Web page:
In the village of Raidelbach, in western Germany’s Hesse-Darmstadt, “American Fever” ran high in the summer of 1830. Adam Tracht, a respected former army captain, heard that in the state of Ohio land was cheap by German standards, work was plentiful, and there was freedom. Emigration to America was not simple and twice the voyage was postponed but in the middle of May, 1831 the day had finally arrived.

Two ships were set to make this 82 day voyage to America, the Famous Dove and a smaller, slower ship with no record of its name survives. Why Famous Dove? This has been a mystery even to descendants of the emigrants but has been suggested that in western Germany the dove symbolizes peace and freedom. They were “flying” over the waves to American. The ship would remain the Famous Dove in the collective memory of its passengers and descendants.

Disaster threatened the Famous Dove and its passengers as a storm hit and the ship began to take on water. It is said that a young girl started singing hymns and the rest of the passengers joined in. As the night wore on, the wind and wave diminished and by morning the sea was calm. Miraculously, the ship had grounded on a sandbar only 100 yards from the beach.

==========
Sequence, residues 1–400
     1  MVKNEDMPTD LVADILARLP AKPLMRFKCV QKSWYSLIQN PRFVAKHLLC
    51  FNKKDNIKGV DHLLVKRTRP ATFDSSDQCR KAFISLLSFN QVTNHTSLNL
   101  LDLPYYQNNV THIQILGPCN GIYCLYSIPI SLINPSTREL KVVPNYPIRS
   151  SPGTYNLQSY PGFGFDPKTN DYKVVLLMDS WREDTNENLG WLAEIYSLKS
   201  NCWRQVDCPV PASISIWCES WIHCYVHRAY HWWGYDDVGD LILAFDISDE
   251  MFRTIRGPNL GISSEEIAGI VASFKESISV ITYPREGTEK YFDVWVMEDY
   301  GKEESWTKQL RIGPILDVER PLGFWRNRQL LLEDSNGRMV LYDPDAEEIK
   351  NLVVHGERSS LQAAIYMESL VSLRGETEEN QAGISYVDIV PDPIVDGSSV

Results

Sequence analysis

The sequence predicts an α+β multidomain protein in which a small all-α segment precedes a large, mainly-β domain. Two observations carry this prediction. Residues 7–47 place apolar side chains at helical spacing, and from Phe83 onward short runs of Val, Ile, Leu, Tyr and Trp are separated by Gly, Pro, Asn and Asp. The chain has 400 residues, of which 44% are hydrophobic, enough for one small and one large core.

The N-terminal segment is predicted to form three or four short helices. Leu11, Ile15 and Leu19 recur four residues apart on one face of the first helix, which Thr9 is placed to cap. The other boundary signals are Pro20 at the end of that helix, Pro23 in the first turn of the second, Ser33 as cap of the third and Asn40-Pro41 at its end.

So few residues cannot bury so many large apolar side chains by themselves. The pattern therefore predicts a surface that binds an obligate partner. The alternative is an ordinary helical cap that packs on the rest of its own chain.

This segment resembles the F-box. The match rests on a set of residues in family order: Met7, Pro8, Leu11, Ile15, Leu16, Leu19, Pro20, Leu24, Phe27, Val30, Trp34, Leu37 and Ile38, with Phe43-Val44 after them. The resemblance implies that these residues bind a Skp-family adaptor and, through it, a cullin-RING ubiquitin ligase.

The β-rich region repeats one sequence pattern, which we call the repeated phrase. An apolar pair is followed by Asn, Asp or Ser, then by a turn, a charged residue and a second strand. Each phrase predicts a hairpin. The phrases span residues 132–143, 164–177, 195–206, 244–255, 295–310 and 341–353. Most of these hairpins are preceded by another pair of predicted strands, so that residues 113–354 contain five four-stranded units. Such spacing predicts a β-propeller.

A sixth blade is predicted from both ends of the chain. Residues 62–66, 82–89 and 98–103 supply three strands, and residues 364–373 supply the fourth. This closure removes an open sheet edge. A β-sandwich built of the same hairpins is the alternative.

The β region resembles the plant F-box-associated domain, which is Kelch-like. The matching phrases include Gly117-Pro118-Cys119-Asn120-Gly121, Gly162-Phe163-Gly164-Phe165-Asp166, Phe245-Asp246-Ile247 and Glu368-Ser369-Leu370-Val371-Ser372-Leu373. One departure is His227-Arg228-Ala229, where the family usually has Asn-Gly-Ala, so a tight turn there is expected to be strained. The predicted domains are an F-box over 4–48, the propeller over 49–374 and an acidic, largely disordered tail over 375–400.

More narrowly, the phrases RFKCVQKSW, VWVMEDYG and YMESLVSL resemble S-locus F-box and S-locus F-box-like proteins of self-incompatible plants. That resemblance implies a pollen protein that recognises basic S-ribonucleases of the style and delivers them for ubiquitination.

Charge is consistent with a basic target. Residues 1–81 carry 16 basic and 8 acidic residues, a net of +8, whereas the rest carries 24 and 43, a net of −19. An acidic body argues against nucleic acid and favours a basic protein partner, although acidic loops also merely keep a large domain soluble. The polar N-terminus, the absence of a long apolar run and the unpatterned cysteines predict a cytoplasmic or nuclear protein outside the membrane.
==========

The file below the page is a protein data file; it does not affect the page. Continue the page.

Many passengers had to stay on the east coast to earn more money before they could travel the distance to Ohio. In 1834, twelve families aboard the Famous Dove settled in Hancock County where land was two dollars per acre. By 1843, thirty-six families had gathered in the vicinity of Jenera, where they made up a sizeable percentage of the population. They founded a Lutheran Church, and the community prospered. They became land owning farmers with more acres than they could’ve imagined.

The memory of the shipwreck became central to their communal identity and is well remembered today, celebrated with Shipwreck Sunday on September 17th in Hancock County where many Famous Dove descendants still live today.

Source: The Wreck of the Famous Dove by Donald L. Huber

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